Amid growing Republican opposition to his $2 trillion infrastructure proposal, President Biden is sending five administration officials this week to sell a plan that the administration says will not only rebuild roads and bridges but also reverse longstanding racial disparities.

Biden hopes the five secretaries can build support both in Congress and across the country for the first part of a two-part plan to rebuild the U.S. economy. The officials – Transportation Secretary Pete Buttigieg, Housing Secretary Marcia L. Fudge, Commerce Secretary Gina Raimondo, Energy Secretary Jennifer M. Granholm and Labor Secretary Martin J. Walsh – will work to build the bipartisan support Biden has said he seeks for the package.

Also this same Monday, Vice President Kamala Harris will highlight the benefits of the American Jobs Plan by travelling to California to meet with state leaders and a small businessman in Oakland.

But the PR campaign comes at a time when Republicans appear to be coalescing around a message of their own: Biden’s plan is actually a giant welfare initiative and tax increase masquerading as infrastructure.


1. Transportation infrastructure: $621 billion

The plan would make a massive investment in America’s roads, railroads and bridges, with a focus on clean energy.

  • Electric vehicles, including a network of 500,000 electric vehicle stations: $174 billion.
  • Modernize bridges, highways, roads, and major streets most in need of repair: $115 billion
  • Modernize public transportation: double federal funding for public transportation: $85 billion
  • Fixing Amtrak’s backlog, upgrading existing routes and expanding: $80 billion
  • “Infrastructure resilience” to withstand climate-related disasters: $50 billion
  • Miscellaneous projects: $25 billion
  • Improve airports: $25 billion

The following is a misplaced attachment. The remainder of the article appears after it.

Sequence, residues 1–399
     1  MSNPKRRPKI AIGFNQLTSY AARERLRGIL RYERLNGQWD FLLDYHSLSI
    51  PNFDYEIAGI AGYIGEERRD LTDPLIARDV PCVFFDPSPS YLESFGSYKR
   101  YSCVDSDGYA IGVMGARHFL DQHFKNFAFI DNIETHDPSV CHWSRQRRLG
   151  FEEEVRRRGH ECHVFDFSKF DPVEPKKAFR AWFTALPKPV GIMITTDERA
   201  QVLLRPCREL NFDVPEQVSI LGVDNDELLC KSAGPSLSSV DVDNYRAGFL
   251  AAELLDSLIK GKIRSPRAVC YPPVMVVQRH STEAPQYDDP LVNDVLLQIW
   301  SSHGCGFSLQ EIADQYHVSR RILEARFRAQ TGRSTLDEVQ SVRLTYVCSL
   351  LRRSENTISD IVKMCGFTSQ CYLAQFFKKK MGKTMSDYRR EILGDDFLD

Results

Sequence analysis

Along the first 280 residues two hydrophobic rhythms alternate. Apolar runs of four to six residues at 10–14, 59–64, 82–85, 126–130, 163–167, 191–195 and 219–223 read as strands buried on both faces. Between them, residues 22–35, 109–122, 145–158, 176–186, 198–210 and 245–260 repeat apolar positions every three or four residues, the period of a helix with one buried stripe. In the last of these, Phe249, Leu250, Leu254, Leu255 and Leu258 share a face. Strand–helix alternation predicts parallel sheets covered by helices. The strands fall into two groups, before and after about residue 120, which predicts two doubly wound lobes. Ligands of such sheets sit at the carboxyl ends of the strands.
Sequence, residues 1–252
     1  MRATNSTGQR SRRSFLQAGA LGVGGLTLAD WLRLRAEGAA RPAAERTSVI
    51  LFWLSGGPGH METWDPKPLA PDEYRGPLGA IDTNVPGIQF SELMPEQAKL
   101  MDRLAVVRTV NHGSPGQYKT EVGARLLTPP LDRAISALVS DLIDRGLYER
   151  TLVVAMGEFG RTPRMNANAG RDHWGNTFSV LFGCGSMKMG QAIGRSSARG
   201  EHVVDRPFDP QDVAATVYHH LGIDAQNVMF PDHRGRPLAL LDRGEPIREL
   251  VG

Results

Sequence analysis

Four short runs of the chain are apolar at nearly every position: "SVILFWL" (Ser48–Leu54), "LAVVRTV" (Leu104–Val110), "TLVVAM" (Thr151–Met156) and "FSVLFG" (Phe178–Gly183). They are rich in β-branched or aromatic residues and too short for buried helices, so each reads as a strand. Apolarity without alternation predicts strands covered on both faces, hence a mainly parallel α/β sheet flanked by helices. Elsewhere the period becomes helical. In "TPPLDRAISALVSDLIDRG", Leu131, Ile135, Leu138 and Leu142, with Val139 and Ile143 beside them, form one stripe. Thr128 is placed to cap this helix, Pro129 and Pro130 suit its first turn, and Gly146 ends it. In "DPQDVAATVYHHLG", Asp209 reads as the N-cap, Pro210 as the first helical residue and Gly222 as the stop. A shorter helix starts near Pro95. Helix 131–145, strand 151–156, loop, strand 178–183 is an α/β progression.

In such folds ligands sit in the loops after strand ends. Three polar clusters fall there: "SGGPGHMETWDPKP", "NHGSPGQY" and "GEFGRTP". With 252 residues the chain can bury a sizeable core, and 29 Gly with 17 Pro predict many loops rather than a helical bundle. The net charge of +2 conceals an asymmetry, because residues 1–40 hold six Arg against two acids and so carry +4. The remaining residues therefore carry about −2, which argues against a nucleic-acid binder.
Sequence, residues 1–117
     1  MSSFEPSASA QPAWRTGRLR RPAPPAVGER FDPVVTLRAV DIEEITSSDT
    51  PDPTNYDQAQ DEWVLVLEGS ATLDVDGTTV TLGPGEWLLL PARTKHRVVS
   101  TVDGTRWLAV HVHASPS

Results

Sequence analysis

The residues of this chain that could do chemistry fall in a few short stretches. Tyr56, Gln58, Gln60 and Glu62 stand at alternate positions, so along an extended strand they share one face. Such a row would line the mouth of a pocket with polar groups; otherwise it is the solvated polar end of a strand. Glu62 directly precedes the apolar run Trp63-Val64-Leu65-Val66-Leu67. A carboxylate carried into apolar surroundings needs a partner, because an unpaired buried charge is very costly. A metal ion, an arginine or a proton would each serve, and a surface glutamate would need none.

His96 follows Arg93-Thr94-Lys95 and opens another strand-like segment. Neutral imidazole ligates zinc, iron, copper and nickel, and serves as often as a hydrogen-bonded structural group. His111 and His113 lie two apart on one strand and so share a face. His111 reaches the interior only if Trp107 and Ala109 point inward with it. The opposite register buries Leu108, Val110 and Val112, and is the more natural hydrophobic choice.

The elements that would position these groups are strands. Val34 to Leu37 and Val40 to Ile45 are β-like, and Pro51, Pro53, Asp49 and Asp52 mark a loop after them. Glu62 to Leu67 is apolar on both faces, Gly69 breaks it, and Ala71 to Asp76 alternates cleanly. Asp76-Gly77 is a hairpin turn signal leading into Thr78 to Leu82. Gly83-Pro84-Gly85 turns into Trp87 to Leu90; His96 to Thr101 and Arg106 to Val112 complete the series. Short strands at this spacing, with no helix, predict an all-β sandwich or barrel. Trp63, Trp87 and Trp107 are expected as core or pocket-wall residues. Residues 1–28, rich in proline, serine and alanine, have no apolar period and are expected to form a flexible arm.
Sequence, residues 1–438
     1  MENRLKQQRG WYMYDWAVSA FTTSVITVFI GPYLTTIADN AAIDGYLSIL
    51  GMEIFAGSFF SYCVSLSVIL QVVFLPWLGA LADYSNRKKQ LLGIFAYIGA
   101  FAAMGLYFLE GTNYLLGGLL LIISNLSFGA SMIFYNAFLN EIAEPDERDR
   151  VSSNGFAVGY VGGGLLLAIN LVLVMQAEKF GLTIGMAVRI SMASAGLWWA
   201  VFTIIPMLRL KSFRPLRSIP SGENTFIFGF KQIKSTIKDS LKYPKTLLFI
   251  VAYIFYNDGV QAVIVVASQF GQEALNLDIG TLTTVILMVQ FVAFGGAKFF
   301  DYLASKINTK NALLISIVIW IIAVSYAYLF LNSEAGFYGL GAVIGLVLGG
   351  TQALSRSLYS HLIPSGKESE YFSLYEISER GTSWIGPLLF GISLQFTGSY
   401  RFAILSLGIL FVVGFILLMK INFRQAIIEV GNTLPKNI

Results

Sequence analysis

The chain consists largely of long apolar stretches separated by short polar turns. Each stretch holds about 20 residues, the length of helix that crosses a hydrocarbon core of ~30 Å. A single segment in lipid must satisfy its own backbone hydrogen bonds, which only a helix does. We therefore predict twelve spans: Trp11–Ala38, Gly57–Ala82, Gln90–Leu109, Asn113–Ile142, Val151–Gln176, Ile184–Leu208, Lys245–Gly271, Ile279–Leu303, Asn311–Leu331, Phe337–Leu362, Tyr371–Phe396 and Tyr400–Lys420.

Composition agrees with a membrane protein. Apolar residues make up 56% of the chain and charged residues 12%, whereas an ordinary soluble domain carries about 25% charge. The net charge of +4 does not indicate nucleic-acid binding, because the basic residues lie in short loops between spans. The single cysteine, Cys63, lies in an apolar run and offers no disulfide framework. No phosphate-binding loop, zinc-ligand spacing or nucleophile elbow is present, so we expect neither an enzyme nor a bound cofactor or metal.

• Improve road safety: $20 billion
  • Connecting neighborhoods historically isolated by investments: $20 billion
  • Inland waterways, coastal ports, land ports of entry and ferries: $17 billion

2. Quality of life for buildings and homes: $650 billion.

The bulk of the plan focuses on U.S. homes, school buildings, groundwater infrastructure and broadband expansion.

  • Rehabilitate more than 2 million homes and commercial properties: $213 billion
  • Water infrastructure: $45 billion to eliminate all lead pipes and $56 billion to modernize U.S. drinking water, wastewater and stormwater systems: $111 billion
  • Improve the electric grid: $100 billion.
  • Improve and build public schools: $100 billion
  • Expanding high-speed broadband: $100 billion
  • Public housing projects: $40 billion
  • Veterans hospitals and clinics: $18 billion
  • Improve child care centers in high-need areas: $25 billion
  • Plug orphaned oil and gas wells and clean up abandoned mines: $16 billion
  • Community college infrastructure: $12 billion
  • New workers on public lands and waters: $10 billion
  • Modernization of federal buildings: $10 billion

3. Caregivers for seniors and people with disabilities.

Biden wants to inject $400 billion to improve access to quality, affordable home or community-based care for seniors and people with disabilities. He would expand a Medicaid program to make more services available and eliminate a backlog that prevents thousands from receiving care.

Elderly and Disabled Caregivers: $400 billion

4. Research, development and manufacturing.